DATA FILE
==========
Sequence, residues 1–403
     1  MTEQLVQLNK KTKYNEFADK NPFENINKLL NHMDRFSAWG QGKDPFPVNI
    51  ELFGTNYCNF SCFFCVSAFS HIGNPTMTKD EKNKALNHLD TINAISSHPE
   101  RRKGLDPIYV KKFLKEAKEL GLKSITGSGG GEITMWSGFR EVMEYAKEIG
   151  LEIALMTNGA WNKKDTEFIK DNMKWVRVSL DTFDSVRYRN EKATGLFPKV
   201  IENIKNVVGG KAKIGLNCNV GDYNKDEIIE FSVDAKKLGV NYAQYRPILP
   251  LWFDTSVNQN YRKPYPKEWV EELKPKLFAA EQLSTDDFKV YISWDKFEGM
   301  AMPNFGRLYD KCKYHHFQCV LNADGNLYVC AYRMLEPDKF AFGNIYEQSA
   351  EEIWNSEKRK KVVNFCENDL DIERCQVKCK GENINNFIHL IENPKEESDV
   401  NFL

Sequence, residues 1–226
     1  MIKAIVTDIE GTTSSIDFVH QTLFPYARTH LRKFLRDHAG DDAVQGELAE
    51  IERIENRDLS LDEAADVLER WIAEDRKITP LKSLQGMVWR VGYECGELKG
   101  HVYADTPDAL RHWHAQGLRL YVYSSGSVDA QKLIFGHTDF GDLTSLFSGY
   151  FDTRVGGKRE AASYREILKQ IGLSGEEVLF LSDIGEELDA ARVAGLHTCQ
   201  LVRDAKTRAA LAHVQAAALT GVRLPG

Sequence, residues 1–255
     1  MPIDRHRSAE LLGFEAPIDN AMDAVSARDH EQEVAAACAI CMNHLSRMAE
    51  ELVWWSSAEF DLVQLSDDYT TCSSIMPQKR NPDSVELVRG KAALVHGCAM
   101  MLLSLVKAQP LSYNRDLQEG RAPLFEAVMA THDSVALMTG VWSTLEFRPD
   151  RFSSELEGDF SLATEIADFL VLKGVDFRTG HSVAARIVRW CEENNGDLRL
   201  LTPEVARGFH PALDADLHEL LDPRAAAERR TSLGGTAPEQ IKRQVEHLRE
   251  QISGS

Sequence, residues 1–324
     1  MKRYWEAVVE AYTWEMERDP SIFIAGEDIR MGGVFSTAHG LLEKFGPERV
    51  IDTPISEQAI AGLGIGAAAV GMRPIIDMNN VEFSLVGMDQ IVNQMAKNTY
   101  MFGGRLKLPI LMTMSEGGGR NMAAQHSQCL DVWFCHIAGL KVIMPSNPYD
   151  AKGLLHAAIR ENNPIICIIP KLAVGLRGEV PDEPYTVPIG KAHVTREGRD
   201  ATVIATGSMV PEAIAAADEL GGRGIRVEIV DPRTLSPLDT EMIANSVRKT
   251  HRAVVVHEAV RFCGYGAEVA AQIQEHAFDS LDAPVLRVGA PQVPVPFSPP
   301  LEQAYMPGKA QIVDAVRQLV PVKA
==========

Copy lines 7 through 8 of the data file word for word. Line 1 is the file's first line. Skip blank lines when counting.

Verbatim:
   251  LWFDTSVNQN YRKPYPKEWV EELKPKLFAA EQLSTDDFKV YISWDKFEGM
   301  AMPNFGRLYD KCKYHHFQCV LNADGNLYVC AYRMLEPDKF AFGNIYEQSA